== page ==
I sat in the CVS Pharmacy parking lot. Here I was, again. This time I was not picking up a medication for me for but one of my children. My stomach churned. I wanted to be at home, curled up under my electric blanket, safe from heavy cares and concerns. But my child was sick. Not with a cold, or pink eye, or an ear infection, but with a chronic disease. It was no longer in remission but it had reared its ugly head again.
When faced with the disturbing symptoms, I did not fall to my knees in prayer. I watched Netflix. Every time I tried to pray, I was unsuccessful. I could not think about it. Facing reality was too painful. Thinking of the disease wracking my child’s body broke my heart. Over and over and over. Every time I would think about it, I was crushed.
So I watched Netflix. And read romance novels. And went shopping. Because my fantasy world did not hurt as much as reality.
I quietly rolled over in bed, trying not to wake up my husband. We were on vacation, and I was doing my darnedest to let him sleep until 7 am. So I did what I usually do when I awake early: think and pray. I prayed for friends who were struggling, friends who were sick, and for family members who needed help.
Then I began to pray for my fledgling speaking ministry. As I prayed, I felt a familiar knot in the pit of my stomach. All of my hopes and aspirations were rolled up in that pang of uncertainty about my future.
As my body woke up from a night of slumber, so did the constant fear that rolled over and over in my stomach. I had recently completed a three minute speaker promo video and I had shared it with my family and friends, including a lot of pastors and ministry leaders. I even shared it on Facebook. I was unsure how people would receive it. I felt vulnerable. Exposed.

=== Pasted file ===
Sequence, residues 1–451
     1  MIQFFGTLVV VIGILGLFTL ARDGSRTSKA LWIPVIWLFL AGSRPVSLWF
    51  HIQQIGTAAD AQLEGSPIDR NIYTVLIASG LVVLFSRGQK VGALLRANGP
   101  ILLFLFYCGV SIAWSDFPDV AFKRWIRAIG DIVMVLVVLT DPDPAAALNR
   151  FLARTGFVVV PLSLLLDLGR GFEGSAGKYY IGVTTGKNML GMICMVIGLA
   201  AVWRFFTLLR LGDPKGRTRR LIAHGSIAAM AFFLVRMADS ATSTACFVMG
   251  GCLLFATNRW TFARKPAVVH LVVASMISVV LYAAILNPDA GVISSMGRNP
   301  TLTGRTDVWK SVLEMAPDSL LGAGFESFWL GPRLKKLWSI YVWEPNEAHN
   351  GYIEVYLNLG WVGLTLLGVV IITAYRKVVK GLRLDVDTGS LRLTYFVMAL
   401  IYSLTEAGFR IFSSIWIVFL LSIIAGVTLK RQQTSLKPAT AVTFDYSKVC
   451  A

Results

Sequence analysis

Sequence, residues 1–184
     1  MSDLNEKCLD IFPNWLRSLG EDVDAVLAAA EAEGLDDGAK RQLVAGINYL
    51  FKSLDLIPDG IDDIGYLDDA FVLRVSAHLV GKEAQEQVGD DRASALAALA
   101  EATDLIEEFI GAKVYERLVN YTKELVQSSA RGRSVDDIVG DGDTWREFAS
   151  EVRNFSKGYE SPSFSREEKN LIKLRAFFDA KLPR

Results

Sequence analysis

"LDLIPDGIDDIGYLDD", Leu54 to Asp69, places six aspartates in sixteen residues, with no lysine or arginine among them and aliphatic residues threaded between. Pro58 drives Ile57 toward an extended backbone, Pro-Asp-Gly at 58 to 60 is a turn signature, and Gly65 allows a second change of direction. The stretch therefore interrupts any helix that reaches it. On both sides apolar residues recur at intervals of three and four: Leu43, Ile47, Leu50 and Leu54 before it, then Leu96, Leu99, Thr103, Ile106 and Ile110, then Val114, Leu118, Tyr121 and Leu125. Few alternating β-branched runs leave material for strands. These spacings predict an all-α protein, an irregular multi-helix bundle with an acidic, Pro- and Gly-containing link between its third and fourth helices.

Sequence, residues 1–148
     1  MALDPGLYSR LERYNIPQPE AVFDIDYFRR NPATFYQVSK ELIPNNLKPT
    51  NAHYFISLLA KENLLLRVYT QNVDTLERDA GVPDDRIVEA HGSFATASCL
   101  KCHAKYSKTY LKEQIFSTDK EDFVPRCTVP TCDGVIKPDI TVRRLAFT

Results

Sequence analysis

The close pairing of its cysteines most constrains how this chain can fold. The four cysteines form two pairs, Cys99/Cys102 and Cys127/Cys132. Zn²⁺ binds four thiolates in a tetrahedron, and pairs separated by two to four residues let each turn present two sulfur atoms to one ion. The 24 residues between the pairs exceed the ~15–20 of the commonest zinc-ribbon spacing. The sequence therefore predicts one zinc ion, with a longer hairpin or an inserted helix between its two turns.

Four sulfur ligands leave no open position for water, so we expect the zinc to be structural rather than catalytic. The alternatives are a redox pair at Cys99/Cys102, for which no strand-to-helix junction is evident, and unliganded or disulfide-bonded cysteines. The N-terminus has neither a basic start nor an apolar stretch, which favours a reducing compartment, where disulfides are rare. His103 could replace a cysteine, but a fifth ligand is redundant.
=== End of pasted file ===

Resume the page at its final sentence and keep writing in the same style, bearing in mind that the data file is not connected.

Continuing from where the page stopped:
I was terrified of being rejected.
How would people describe your home? Friends describe my home as homey, cozy, and peaceful.
As you walk into my foyer, you are welcomed by warm, golden walls and a room filled with cranberry red accents. My plaid couch is as old as my 20 year son, and the slight fraying just adds to its personality. You can sit on that comfy couch and put your feet up on my dented coffee table. You can reach over and grab the afghan that will warm you up on a cold day.
Let’s turn on the gas logs, plug in the twinkling lights on the mantle, and light a few candles. You will hear the sound of peaceful music through the speakers, see the light streaming in through the skylights, and hear the soothing sounds of water in the fountain.
Do you remember your teenage years? Mine were 30 years ago but I remember the 90s quite clearly. Confession: the life I presented to those I wanted to please was much different than the life I was living. On the outside, to my church family and teachers at school, I was kind, helpful, a good student, a good speaker, and a youth group leader.